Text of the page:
Flat terrain has historically been a prerequisite for utility-scale solar projects. However, the stock of flat greenfield solar sites is dwindling in the U.S., especially in regions with high solar penetration rates or hills. As a result, many developers and engineering, procurement, and construction (EPC) companies have turned to mass grading as a solution.
Solar site grading involves flattening the natural landscape to accommodate ground-mounted arrays. This approach carries substantial risks, particularly as developers expand into areas with more uneven terrain.
What Is Solar Site Grading?
Put simply, solar site grading is the process of preparing a site for the installation of a solar system. It involves various earth-moving and leveling activities to bring the topography within suitable limits for the solar array and its racking components. This can include:
- Cut-and-fill excavation – Dirt from raised areas is removed and used to fill in low-lying areas on the site. Occasionally, additional dirt needs to be brought in from off site or excess dirt needs to be trucked away and disposed of elsewhere. Typically, top soil is set aside and then replaced after the underlying earth is excavated in an effort to retain the soil nutrients. This practice has varying degrees of success in the real world.
- Clearing – Debris, trees, shrubs, and other vegetation are removed from the site.
- Compaction – The soil is compacted to increase its load-bearing capacity and stability.
- Revegetation – The area is reseeded to replace vegetation and improve soil stability.
Solar site grading is expensive, time-consuming, and has a negative impact on the environment. The extent of this practice increase for sites with more hilly terrain. Unfortunately, these kinds of sites are becoming more common as the utility-scale solar market expands to new areas throughout the United States.
What Are the Impacts of Solar Site Grading?
Grading can seriously disturb the land and cause lasting damage to the environment. Large-scale solar projects transform the landscapes they occupy, essentially creating new types of built environments.
When a site’s topography is altered, so is its natural drainage. This can lead to soil erosion and sediment runoff into nearby areas and waterways. Too much soil in bodies of water can disrupt local ecosystems, hurt the plants and animals that live in them, and damage drinking water treatment systems.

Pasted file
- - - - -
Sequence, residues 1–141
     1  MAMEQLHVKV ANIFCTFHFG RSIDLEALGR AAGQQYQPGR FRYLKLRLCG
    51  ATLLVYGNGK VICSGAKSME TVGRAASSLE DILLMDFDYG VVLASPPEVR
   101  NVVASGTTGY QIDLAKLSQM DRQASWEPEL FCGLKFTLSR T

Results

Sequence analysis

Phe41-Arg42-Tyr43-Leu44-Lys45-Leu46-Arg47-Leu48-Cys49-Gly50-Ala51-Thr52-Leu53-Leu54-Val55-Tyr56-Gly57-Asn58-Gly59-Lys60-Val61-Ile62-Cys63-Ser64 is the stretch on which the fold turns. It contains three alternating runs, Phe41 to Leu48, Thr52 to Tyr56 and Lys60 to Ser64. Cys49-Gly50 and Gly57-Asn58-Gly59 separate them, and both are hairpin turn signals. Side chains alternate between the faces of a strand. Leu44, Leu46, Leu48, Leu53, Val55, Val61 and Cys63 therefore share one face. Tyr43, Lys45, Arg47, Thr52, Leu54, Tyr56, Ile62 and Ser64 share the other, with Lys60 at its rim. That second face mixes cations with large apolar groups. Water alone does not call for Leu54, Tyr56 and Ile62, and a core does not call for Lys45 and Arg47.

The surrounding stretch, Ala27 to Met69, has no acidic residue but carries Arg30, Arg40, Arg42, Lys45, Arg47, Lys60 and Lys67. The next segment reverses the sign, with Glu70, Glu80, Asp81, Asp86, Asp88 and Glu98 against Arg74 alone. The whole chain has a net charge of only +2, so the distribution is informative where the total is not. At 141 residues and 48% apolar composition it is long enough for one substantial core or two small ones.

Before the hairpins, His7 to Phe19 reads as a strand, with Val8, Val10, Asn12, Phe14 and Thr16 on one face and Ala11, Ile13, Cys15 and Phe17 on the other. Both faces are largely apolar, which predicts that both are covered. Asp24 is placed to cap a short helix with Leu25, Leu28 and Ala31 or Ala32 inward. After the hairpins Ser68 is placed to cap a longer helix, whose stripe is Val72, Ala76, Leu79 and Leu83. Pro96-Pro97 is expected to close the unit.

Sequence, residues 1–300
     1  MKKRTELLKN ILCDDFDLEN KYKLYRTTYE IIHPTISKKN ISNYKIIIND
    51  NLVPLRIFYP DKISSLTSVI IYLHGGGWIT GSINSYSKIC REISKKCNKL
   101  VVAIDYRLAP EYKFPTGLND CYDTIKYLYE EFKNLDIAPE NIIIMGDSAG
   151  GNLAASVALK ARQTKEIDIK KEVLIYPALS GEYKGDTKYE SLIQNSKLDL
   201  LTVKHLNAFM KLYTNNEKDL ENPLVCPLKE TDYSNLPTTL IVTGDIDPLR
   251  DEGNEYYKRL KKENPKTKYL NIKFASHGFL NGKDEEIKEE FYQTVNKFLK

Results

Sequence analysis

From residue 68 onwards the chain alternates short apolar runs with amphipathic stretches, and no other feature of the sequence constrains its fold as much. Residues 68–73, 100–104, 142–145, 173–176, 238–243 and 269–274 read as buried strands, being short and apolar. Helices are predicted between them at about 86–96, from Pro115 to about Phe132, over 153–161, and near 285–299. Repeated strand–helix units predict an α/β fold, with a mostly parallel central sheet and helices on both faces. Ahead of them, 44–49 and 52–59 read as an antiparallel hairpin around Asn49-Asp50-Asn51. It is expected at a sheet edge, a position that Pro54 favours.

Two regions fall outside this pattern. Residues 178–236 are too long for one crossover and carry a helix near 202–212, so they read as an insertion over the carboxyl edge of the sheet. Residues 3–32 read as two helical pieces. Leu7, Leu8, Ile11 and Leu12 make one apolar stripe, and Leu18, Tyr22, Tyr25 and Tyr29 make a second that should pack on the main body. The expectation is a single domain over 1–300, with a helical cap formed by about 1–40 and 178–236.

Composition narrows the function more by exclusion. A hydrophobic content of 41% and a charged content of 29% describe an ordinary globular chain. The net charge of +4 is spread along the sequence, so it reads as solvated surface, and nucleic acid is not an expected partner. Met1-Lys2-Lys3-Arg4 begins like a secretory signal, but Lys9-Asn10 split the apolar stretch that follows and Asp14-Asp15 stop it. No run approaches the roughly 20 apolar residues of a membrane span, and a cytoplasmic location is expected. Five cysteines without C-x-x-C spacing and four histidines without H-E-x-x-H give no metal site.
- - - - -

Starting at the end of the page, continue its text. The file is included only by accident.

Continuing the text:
Other effects of solar site grading include:
- Altered soil structure: Centuries of soil structure development can be obliterated after grading, reducing the natural stability of the land.
- Disruption of established vegetation: The delicate symbiotic relationships between existing vegetation and the soil are often severed to enable solar site construction.
- Project delays: Modern projects are at risk of costly delays due to issues stemming from grading. For example, in many areas of the U.S. grading and revegetation cannot be performed in the winter months. Soil stabilization challenges and Stormwater Pollution Prevention Plan (SWPPP) violations are prime examples.
- Community relations: Community members may protest or push back against solar projects that require extensive land disturbances.
How To Balance Costs and Environmental Impact in Solar Grading Projects
Due to the increased upfront costs and risks associated with grading, these projects often have worse economics. When combined with the potential environmental and community “costs” of grading, it’s clear that utility-scale solar projects need a better solution.
Many utility-scale projects use standard single-axis solar trackers to boost output and improve site viability. But it’s important to realize that these conventional tracking systems were initially designed for flat terrain and they aren’t well-suited for sloped or uneven landscapes.
Eliminate Grading with the All-Terrain Solar Tracker
Advancements in solar tracking technology now allow you to make the most of varied terrain by eliminating the need for grading. The Nevados All Terrain Tracker® (ATT®) has a total slope tolerance of up to 20 degrees (37%) and can accept angle changes of up to 15 degrees (26%) between posts. This means that developers and EPCs can eliminate grading and streamline construction even for sites with naturally undulating terrain.